Diocese of Virginia will appeal


The Diocese of Virginia has responded today to a ruling in a Virginia court that the 19th century Virginia statute governing the distribution of property in the event of a denominational split applies in the case of the CANA churches of northern Virginia.

The ruling, if upheld on appeal, would allow the congregations breaking away from the Diocese of Virginia and the Episcopal Church to retain their buildings. One associated endowment would not be retained by the separating congregations.

The Diocese is appealing the decision on the grounds that it violates the constitutional separation between Church and State given that the government is being asked to rule that a denominational split has taken place when a denomination states that not to be the case.

From the diocese’s statement:

In order to pursue those issues and restore constitutional protections for hierarchical churches in Virginia, the Diocese also announced today that Professor A.E. Dick Howard has joined the diocesan legal team to assist in its appeal of this case to the Supreme Court of Virginia. Professor Howard is a professor of law at the University of Virginia School of Law and is a renowned constitutional scholar. He served as the executive director of the Commission on Constitutional Revision, which revised the constitution of Virginia. Professor Howard has also served as counsel to the General Assembly of Virginia.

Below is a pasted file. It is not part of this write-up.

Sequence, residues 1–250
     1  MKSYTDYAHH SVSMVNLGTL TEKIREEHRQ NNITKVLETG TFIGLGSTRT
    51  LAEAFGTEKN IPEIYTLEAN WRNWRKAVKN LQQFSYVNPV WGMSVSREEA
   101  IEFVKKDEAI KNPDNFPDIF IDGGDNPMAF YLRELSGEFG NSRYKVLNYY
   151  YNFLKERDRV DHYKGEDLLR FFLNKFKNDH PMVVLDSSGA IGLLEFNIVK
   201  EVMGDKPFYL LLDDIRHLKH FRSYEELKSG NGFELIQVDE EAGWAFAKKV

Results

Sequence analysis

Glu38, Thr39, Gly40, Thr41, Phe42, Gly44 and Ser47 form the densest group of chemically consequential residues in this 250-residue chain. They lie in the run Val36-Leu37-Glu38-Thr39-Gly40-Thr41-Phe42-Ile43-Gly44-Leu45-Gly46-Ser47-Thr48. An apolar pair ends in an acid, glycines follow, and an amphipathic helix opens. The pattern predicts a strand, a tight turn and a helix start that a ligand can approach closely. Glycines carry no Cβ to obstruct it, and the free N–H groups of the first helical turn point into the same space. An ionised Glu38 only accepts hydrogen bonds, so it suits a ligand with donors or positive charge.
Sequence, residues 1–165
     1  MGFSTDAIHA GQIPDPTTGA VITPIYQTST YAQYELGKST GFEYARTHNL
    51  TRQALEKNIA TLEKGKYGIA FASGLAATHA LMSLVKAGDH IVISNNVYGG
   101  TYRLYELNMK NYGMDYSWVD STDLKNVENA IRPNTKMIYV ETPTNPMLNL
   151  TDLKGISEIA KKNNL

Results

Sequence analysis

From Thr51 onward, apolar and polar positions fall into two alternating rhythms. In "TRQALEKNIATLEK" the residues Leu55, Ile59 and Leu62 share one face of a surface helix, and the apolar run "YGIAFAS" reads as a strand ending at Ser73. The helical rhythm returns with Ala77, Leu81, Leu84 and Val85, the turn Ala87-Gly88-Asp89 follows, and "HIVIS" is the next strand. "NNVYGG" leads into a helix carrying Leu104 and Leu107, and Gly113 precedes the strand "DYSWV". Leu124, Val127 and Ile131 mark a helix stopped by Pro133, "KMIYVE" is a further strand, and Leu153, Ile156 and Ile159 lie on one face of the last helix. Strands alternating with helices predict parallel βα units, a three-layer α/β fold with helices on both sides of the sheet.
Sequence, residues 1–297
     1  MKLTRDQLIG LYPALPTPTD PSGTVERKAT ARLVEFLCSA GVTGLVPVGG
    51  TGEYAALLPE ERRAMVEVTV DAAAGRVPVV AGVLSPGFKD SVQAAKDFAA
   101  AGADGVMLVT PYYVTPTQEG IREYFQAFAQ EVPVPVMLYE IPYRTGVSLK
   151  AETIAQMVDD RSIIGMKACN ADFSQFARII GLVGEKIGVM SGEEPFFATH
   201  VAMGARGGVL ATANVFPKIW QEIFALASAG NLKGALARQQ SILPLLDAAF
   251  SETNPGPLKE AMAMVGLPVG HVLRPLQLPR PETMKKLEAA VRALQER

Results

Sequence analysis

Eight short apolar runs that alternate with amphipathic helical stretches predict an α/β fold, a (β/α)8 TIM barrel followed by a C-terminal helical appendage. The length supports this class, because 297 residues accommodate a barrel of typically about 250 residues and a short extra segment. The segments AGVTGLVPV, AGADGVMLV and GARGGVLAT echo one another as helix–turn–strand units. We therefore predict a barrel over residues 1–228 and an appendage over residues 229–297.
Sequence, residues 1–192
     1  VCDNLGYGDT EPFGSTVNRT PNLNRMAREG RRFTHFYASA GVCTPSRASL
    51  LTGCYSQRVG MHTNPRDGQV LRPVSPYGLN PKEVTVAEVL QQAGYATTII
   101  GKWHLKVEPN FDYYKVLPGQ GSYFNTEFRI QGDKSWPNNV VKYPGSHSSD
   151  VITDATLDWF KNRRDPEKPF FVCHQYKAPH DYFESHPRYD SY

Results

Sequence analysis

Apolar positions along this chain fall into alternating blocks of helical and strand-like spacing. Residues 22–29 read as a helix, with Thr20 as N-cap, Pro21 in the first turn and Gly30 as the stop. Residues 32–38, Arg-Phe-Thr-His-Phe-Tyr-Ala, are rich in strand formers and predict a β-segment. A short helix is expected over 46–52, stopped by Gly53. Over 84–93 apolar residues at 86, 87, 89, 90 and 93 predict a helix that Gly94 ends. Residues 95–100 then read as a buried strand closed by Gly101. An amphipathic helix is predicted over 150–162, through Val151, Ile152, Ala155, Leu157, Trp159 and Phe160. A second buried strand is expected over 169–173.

Bishop Lee further stated, “We call on the CANA congregation occupying The Falls Church property to drop their claim on the endowment fund, and thus allow The Falls Church Episcopal to use the endowment for desperately needed outreach in the Falls Church area, in line with the original purpose of the fund.”

“We are grateful to have someone of Professor Howard’s stature and talent on our team,” said the Rt. Rev. Shannon S. Johnston, bishop coadjutor of Virginia. “There may be no other legal expert in Virginia who is as knowledgeable of the state constitution. We are preparing our appeal now and are confident in our position that this law cannot stand constitutional scrutiny. Together, we will explore every option to ensure that faithful Episcopalians in Virginia are guaranteed the right to worship as they please, without interference from the state.&rdquo

In its statement The Episcopal Church says,

We are not surprised — or discouraged — by the adverse aspects of today’s decision. As we have stated previously, we shall now seek review of this case by the Supreme Court of Virginia and are optimistic that that court will reverse the trial court’s interpretation and application of the Virginia statute and reaffirm Virginia’s historic commitment to religious freedom. In the meantime, the decisions in this case have no relevance for the property litigation brought by dioceses with the support of The Episcopal Church before courts in other states, which, we are pleased to say, have consistently ruled in favor of our positions.

The statements from Anglican District of Virginia and CANA are here and here.

News reports. AP: Conservatives win court case in Va. church dispute | ENS: Court ruling clears way for property-litigation appeal |

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